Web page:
In May, the Centers for Disease Control and Prevention released a study that looked like it would do for public swimming pools what the movie "Jaws" did for sandy Cape Cod beaches — and more.
CDC researchers and public health officials in Atlanta collected samples from 161 swimming pool filters throughout the city and found 58 percent of them contained E.coli, a bacteria found in human feces. Although it wasn't a dangerous strain that produces severe illness, the study did show that public swimming pools, in Atlanta, have a problem with human waste contamination.
The CDC also blames fecal contamination for the following illnesses:
• Commonly called crypto, cryptosporidium is a tiny parasite that lives in the intestines of humans and animals. An infected swimmer can release enough of the parasite to sicken everyone nearby who happens to swallow any water.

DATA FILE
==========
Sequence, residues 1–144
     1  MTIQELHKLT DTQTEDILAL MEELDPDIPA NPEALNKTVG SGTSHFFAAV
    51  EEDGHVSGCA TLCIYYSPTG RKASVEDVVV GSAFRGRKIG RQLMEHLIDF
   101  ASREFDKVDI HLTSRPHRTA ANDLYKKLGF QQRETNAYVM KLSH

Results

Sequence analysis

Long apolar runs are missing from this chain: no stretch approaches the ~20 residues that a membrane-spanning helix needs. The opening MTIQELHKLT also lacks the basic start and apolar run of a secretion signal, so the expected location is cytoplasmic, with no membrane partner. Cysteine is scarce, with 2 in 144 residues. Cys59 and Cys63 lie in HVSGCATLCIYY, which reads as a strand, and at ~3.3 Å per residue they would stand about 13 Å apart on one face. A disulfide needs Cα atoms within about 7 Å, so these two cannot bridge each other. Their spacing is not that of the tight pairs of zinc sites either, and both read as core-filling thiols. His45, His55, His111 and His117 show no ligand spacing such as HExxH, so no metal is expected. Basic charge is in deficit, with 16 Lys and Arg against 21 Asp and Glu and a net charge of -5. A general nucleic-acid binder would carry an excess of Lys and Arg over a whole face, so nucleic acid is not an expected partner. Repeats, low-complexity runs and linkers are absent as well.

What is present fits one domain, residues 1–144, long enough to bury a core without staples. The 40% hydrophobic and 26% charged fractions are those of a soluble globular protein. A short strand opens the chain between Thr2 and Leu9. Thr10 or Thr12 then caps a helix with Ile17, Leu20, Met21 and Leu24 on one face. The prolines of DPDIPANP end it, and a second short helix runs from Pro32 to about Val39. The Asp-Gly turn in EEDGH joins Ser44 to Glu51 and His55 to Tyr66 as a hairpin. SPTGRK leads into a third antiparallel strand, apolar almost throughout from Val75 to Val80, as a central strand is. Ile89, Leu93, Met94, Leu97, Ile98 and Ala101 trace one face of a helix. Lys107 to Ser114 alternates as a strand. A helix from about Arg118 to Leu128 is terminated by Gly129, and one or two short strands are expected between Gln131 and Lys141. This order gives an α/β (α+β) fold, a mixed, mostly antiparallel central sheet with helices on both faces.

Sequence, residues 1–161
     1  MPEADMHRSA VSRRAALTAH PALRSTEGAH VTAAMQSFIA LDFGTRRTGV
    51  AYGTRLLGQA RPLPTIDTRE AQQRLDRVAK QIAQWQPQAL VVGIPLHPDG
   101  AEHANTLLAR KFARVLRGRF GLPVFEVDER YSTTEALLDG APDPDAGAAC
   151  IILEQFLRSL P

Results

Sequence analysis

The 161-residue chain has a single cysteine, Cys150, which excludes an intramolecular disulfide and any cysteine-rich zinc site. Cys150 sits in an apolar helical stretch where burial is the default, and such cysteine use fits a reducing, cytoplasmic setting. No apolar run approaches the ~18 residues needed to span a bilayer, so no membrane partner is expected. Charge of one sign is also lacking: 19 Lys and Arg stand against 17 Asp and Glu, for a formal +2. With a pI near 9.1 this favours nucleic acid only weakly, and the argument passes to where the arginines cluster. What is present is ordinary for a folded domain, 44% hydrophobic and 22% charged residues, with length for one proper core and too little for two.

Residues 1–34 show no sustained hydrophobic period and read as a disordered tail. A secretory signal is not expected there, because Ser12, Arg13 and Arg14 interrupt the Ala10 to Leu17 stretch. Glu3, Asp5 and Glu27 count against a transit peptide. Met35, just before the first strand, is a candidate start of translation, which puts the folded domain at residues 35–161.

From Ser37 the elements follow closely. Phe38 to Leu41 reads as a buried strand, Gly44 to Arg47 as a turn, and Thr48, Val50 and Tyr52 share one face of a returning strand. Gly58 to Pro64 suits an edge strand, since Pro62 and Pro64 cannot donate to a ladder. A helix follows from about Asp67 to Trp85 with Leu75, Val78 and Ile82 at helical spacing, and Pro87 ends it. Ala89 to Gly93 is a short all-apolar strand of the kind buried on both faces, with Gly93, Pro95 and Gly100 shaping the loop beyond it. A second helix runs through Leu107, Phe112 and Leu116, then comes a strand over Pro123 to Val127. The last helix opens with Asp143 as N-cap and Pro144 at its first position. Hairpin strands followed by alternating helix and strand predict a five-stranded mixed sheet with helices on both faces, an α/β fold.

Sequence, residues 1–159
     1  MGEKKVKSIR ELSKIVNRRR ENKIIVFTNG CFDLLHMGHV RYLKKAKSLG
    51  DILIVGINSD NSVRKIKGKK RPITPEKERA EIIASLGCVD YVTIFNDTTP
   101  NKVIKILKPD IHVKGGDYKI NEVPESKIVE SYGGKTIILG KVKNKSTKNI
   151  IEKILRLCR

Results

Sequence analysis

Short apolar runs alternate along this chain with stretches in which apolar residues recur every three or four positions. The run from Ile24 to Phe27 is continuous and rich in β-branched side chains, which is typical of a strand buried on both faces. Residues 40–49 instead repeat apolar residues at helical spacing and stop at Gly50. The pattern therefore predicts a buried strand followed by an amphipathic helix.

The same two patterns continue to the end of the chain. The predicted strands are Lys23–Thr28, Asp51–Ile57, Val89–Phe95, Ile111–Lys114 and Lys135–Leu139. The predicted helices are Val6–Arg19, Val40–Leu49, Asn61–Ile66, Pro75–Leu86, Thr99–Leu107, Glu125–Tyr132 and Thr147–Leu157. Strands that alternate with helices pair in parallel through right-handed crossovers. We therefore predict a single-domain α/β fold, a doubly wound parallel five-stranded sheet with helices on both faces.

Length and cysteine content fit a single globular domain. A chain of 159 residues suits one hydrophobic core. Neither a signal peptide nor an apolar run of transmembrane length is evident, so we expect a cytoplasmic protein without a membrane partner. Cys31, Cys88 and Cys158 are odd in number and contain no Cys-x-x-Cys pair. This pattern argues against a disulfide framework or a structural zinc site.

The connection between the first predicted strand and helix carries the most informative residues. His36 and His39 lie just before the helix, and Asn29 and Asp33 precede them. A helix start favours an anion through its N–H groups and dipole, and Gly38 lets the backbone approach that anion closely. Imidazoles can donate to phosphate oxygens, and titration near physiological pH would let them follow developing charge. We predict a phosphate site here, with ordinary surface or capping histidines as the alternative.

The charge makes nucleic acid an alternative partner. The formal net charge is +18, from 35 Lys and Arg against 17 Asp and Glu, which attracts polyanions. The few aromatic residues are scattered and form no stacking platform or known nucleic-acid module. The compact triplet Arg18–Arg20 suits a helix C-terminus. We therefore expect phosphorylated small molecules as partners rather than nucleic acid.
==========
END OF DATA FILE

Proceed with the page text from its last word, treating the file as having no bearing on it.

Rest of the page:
Symptoms of crypto include stomach pains, nausea, dehydration, fever, vomiting and weight loss, and usually last two weeks. Crypto has an outer shell that makes it resistant to chlorine. In 2009, 75 cases of crypto were reported in New Hampshire.
• Like crypto, giardia is a common recreational water illness. Giardia causes severe diarrhea, gas and stomach pain. Symptoms tend to last for two weeks. Infections occur when people suffering from diarrhea swim and contaminate water that is swallowed by other swimmers. In 2009, 135 cases of giardia were reported throughout New Hampshire.
• Severe and bloody diarrhea, stomach cramps, nausea and vomiting are symptoms of toxic E.coli which is spread in the same way as crypto and giardia. Severe infections can lead to kidney failure.
There were 38 cases of toxic E.coli reported to the state's Division of Public Health Services. While most healthy adults will recover in about 10 days, children, seniors and people with compromised immune systems are at risk for serious complications.